The intention of this year’s Cybersecurity Awareness Month theme, “Do Your Part. Be Cyber Smart.”, is to promote and encourage accountability at the personal and corporate level. While the sentiment is solid and the tag line is catchy, it’s important to acknowledge that this is more complicated than it sounds.
It would be lovely if just the command to ‘be smart’ were enough to make it so. However, educated, responsible decisions about cyber security require an understanding of the ‘why’ and ‘how’. Simply put, if organizations don’t provide the context, information, and tools needed for effective cybersecurity training, they are setting themselves and their employees up to fail.
Missing the Mark
Awareness alone is not enough. It has to be paired with proper education to be successful. At the corporate level, many organizations provide cybersecurity training/education. Whether it’s to fulfill compliance requirements, reduce possible liability, or to protect the organization’s assets, there are enough motivators for companies to do their level best to educate.
Unfortunately, there is a large audience of employees that are just not getting it. An alarming 43%* of employees are not aware that clicking on a suspicious link or attachment in an email can introduce malware. That means a key pillar of good cyber hygiene training is not sinking in. Additionally, 59% * of employees are not confident they could identify a social engineering attack. Let that sink in. More than half the employees surveyed don’t think they could spot a malware attempt, even if they wanted to. Perhaps part of the problem is a lack of willingness or buy-in when it comes to training.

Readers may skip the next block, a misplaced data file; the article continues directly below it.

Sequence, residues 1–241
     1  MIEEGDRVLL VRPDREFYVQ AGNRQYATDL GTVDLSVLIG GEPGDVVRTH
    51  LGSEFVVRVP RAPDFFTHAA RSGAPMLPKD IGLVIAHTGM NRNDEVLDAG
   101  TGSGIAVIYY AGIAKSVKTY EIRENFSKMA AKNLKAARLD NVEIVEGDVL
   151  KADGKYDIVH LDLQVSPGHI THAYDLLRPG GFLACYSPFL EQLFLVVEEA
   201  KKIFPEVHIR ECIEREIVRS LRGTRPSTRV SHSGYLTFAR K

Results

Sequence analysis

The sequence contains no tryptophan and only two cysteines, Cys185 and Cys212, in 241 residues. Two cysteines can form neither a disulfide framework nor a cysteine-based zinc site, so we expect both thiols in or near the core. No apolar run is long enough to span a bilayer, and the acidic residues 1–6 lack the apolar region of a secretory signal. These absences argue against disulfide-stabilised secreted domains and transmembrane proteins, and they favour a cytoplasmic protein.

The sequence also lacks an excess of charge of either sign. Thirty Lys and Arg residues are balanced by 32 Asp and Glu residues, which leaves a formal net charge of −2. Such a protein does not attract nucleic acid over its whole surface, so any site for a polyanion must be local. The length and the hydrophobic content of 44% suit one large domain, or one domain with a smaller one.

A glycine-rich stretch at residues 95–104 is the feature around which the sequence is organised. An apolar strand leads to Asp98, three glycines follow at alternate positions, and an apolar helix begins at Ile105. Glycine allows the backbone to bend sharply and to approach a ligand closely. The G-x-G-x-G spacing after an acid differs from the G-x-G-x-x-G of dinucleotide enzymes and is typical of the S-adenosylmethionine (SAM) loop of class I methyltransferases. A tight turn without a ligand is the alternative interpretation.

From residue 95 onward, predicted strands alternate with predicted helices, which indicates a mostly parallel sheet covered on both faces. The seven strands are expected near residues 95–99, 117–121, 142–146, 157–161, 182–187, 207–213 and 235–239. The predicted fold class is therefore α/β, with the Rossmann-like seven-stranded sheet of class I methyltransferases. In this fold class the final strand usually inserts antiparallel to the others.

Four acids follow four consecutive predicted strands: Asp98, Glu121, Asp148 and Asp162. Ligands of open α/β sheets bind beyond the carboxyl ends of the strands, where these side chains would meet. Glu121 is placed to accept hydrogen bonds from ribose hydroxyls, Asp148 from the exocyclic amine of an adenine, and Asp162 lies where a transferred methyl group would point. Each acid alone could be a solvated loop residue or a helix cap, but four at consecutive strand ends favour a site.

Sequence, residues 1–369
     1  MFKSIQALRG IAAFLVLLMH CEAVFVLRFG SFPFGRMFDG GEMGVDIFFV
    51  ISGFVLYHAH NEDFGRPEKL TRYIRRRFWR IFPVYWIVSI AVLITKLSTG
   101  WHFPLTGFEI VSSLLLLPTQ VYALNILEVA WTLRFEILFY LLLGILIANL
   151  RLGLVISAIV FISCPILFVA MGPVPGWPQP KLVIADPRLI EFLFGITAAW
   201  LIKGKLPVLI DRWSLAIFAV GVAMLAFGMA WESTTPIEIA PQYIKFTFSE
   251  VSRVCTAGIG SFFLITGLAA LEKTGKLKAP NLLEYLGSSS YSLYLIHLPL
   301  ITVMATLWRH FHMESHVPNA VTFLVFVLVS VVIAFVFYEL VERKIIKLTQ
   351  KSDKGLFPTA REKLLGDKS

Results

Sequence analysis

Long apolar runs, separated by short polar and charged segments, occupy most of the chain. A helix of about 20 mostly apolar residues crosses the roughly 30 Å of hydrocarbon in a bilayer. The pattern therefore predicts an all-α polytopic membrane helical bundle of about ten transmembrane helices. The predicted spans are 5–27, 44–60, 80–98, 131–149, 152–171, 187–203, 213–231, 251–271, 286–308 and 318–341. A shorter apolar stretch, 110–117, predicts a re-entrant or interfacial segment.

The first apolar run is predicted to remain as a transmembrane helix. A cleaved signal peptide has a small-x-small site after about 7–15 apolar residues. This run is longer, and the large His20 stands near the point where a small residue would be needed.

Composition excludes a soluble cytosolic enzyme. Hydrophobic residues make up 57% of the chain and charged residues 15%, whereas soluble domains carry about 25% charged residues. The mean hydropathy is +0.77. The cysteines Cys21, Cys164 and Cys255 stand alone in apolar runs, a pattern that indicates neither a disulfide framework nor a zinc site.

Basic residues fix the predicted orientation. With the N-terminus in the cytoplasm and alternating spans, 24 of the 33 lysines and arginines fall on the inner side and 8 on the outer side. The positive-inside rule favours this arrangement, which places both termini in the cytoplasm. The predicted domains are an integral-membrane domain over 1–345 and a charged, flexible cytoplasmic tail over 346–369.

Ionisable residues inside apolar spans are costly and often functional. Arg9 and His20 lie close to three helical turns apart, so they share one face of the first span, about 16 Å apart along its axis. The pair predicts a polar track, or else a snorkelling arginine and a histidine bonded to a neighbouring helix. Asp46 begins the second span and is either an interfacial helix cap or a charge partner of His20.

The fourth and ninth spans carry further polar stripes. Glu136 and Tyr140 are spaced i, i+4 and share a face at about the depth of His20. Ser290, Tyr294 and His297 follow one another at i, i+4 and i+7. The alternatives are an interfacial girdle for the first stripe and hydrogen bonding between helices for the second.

Don’t Skip the ‘Why’
While personal accountability is a crucial component of cybersecurity awareness, it falls to organizations to motivate their staff to be accountable. You can provide the best cybersecurity training in the world, but for most humans, if they don’t understand why they need to do it, they either won’t do it or won’t do it well. Convey the importance of cybersecurity training by explaining what is at stake and how truly important the employee’s role is in protecting the business.
- Do your employees understand that one errant click of an email can cause a data breach that could ruin the company’s reputation and financial well-being, thus putting their job at risk?
- Do they know that 94%** of malware is delivered via email, so all email is guilty until proven innocent?
- How about the fact that attacks on IoT have tripled***? Cybersecurity training isn’t limited to their computer.
Employee buy-in is vital for successful training. The clearer you paint the ‘why’ picture, the more inclined employees will be to take training seriously and make it a point to absorb the information. If you skip the context, you are essentially throwing a portion of your training budget down the drain.
How to Provide the ‘How’
Looking at the employee stats above, it’s fair to say that something is missing in the business world’s collective attempts to provide cybersecurity training and education. Perhaps it is a lack of context or motivation, as discussed previously. Maybe some organizations are not requiring training or enforcing those requirements. Or the problem could be in the training itself, which can often be boring and unengaging, failing to keep the employees’ attention.
Another theory is a simple lack of time. If employees are required to complete cybersecurity awareness training, are they being given time to do so? Often that is not the case. When organizations do not carve out time for training, they are inadvertently implying that this “requirement” is not really that important. To signal the significance and help ensure the efficacy of cybersecurity training, organizations need to following these steps:
- Get buy in and explain the ‘why’ before rolling out training.
- Provide easily accessible training from a reputable vendor.
- Ensure the training is engaging and require testing to promote comprehension.
- Provide allotted time for the cybersecurity training, where employees are not multitasking but forced to focus on the training content.
Organizations know that when it comes to training, you can lead a person to knowledge but you can’t make them think. However, you can inspire them to care and you can make the process as painless as possible. Those combined efforts will help close the cyber education gap, empower your employees, and make it harder for cyber attackers to infiltrate your organization in the future.